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Lincoln breathes easier than any other Midwest city, according to a new air quality report

Students trek across The University of Nebraska-Lincoln campus during the lunch hour in April. According to the American Lung Association, Lincoln boasts some of the cleanest air in the nation.
Daniel Wheaton
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The Midwest Newsroom
Students trek across The University of Nebraska-Lincoln campus during the lunch hour in April. According to the American Lung Association, Lincoln boasts some of the cleanest air in the nation.

The annual “State of the Air” report from the American Lung Association shows some progress for the region and the nation in smog reduction but reports that particulate pollution levels are deadly.

The news about America’s air quality is pretty grim.

The latest “State of the Air” report says deadly particle pollution is “the most severe” it’s been in the history of the report. According to the study from the American Lung Association (ALA), people in the U.S. experienced the most days with “very unhealthy” and “hazardous” air quality due to particle pollution in 25 years.

“When we started this report, our team never imagined that 25 years in the future, more than 130 million people would still be breathing unhealthy air,” said Harold Wimmer, ALA president and CEO.

The newly released data shows about 1.5 million people in Illinois, Kansas and Missouri are living with unhealthy air quality. Areas of each of these states received poor grades from the ALA.

People in Iowa and Nebraska are breathing better air than their neighbors, according to the data. In fact, the association says Lincoln, Nebraska, is one of the nation’s “five cleanest cities.” Lincoln is the only city in the Midwest to make the list.

Katherine Pruitt, the editor of State of the Air, said Lincoln and the other top cities for clean air share common factors, like fewer sources of harmful emissions, as well as favorable climate, weather and topography.

“Unlike other places though,” said Pruitt, who is also a senior director with ALA, “the cities that make the cleanest cities list in our report have monitors in place for both ozone and particle pollution, which allows them to track pollution levels and keep their populace informed about the quality of the air they are breathing.”

In total, the report finds that 39% of people in the U.S. are living in areas with unhealthy levels of air pollution based on three measurements.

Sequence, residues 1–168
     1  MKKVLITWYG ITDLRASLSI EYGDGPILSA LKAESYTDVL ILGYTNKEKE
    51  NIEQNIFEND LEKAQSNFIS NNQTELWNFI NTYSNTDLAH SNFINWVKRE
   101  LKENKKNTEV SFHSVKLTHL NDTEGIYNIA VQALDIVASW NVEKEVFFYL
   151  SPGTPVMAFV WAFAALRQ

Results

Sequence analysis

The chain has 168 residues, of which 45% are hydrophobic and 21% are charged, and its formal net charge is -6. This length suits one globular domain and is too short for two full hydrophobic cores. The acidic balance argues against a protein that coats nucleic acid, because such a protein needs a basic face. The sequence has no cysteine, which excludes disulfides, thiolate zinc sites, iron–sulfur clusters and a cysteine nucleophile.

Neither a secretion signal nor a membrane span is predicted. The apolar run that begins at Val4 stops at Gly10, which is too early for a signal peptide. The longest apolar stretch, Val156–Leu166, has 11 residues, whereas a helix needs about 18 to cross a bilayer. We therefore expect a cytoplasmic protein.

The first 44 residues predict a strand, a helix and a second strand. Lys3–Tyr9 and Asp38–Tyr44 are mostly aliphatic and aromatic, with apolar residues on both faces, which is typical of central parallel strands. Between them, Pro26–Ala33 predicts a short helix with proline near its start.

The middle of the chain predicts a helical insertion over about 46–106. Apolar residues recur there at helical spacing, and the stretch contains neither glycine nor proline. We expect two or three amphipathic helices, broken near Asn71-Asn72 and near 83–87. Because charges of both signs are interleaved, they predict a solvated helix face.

• Ozone pollution, otherwise known as smog
  • Short-term particulate matter air pollution
  • Long-term particulate matter air pollution

“Particulate matter includes soot from wildfires, wood-burning stoves, coal-fired power plants and other sources,” said Dr. Juanita Mora, a Chicago-based medical spokesperson for the American Lung Association. “It enters through our nose, then goes directly to the lungs, and it's so tiny that it goes down to the smallest airways.”

Dr. Juanita Mora, based in Chicago, is a national spokesperson for the American Lung Association.
American Lung Association
/
Provided
Dr. Juanita Mora, based in Chicago, is a national spokesperson for the American Lung Association.

Mora said particulate pollution can pose a risk for heart attacks, cognitive delays, strokes and lung cancer.

Ozone (smog) is generated when pollutants from a variety of sources collide in the presence of sunlight.

“I like to call ozone the sunburn that goes directly to our lungs,” Mora said. “And what it does over time is, it predisposes patients to increased respiratory infections like pneumonia, and long-term, can cause lung cancer as well.”

While the U.S. has made progress in reducing smog, ALA said there is much more work to be done. In 2000, State of the Air reported that 72% of people in the U.S. who lived in counties with ozone monitors had unhealthy levels of ozone pollution. Today, that figure is 30%.

In the Midwest, the report shows Missouri has two counties with “D” grades for smog and two with “F” grades for smog. Illinois has six counties with “F” grades. There are no “D” or “F” grade counties for smog in Iowa, Kansas and Nebraska.

Breathing easy in Lincoln

Ken Winston is an attorney and environmental advocate who lives in Lincoln. He said Lincoln voters have consistently supported candidates who have strong pro-environment stances – including the current mayor, Leirion Gaylor Baird, who won reelection in 2023.

“She got reelected by a fairly substantial margin,” Winston said. “And she is the one who proposed the Lincoln Climate Action Plan. That's a sign that people support this kind of activity.”

The Lincoln plan has an ambitious goal: to reduce the city’s greenhouse gas emissions 80% by the year 2050.

Lincoln, with a population of 292,000, is the Nebraska state capital and home to the University of Nebraska-Lincoln. With over 6,000 acres of parks and natural land, Lincoln and Lancaster County share a good foundation for maintaining clean air. Research has shown that trees can improve air quality by removing pollutants from the air and converting carbon dioxide into oxygen.

The Nebraska capitol building is in the heart of Lincoln.
Holly Edgell
/
The Midwest Newsroom